A Blu-Ray video looks great on an HDTV, but what about video games? For first person shooter or other action games, an HDTV can enhance your gaming experience.
Why not use an HDTV for gaming?
A Blu-Ray video looks great on an HDTV,Guest Posting but what about video games? For first person shooter or other action games, an HDTV can enhance your gaming experience.
Types of HDTVs
An HDTV’s gaming performance is largely based on the technology used to display the image. The three main types of HDTVs currently available contain plasma, LCD, or LED displays. A plasma screen uses tiny ‘bulbs’ between two pieces of glass containing gases that emit light when they are ionized by an applied voltage. Plasma screens are less prone to visible motion blur, the ‘comet’ effect that follows fast-moving object, and are capable of producing high contrast images with a wide viewing angle. Early plasma screens were susceptible to burn-in, when a still image that has been displayed on for a long time gets ‘stuck’ on the screen, and these screens still use more electricity than their LCD counterparts.
LCD (liquid crystal display) screens use liquid crystals to modulate light from one greentwinkie or two fluorescent backlighting sources. These screens are light with little or no visible screen flicker that, theoretically, have no upper limit to their resolution. Brightness distortion can occur due to uneven backlighting and dead pixels may occur due to manufacturing defects.
LEDs (light-emitting diodes) are the latest technology in the HDTV scene. These tiny light emitters are used to backlight LCD screens and give a brighter display with improved contrast while using less power in a thinner panel. Presently the main drawback to these displays is cost, which has yet to come down due to economies of scale.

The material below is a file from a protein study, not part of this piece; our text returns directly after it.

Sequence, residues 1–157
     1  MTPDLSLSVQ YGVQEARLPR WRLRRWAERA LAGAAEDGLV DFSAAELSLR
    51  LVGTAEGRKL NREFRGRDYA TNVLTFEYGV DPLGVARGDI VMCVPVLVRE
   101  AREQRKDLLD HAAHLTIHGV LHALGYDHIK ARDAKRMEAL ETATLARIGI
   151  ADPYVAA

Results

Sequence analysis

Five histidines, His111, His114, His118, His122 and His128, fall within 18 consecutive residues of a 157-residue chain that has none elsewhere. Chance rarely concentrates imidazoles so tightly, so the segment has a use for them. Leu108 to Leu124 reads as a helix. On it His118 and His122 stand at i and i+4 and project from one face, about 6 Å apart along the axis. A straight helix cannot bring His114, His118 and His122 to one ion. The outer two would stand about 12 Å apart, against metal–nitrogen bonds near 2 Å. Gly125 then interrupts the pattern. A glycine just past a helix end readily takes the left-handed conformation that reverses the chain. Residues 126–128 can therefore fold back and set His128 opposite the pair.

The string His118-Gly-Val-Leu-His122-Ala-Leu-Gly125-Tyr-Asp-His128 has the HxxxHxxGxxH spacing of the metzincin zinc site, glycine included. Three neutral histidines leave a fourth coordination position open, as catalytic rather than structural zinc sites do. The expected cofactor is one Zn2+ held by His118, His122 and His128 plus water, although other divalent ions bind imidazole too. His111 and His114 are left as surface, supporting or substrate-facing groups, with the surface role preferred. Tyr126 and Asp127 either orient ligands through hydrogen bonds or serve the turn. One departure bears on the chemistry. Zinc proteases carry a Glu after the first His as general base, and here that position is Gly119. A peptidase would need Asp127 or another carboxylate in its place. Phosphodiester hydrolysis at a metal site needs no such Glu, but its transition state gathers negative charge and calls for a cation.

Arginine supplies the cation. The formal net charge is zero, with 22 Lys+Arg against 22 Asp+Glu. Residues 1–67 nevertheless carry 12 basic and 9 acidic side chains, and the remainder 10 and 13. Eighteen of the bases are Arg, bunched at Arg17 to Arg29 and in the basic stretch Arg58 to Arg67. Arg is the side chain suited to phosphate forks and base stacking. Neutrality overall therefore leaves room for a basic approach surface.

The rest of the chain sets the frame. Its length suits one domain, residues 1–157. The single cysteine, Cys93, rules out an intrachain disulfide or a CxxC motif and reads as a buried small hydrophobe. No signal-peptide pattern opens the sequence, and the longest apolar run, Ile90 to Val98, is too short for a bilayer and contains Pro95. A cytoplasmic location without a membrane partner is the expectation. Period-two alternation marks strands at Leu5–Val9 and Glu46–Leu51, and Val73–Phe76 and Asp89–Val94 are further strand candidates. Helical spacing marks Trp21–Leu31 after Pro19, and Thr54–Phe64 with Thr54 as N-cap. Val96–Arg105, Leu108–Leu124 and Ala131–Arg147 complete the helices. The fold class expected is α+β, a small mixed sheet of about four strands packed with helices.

Gaming on HDTVs
One factor not usually considered for HDTV is lag time or how fast the TV image can respond to your commands. While not a major factor when just watching a movie, this can seriously detriment a gamer’s experience. Lag time is usually caused by one of two factors: native resolution mismatches and image-enhancement processing. Most HDTVs can accept signals from consoles or computers not in their native resolution, but the signal must be scaled to the native resolution of the display. The way in which the pixels are shown, whether they are interlaced or progressively displayed, may also have to be converted between the source and the display. In general, progressive scanning is considered the superior pixel display method. Image-enhancement processing refines the image to be displayed to improve standard definition content. These factors combined can cause latency in response time when gaming, and should be researched carefully when choosing an HDTV.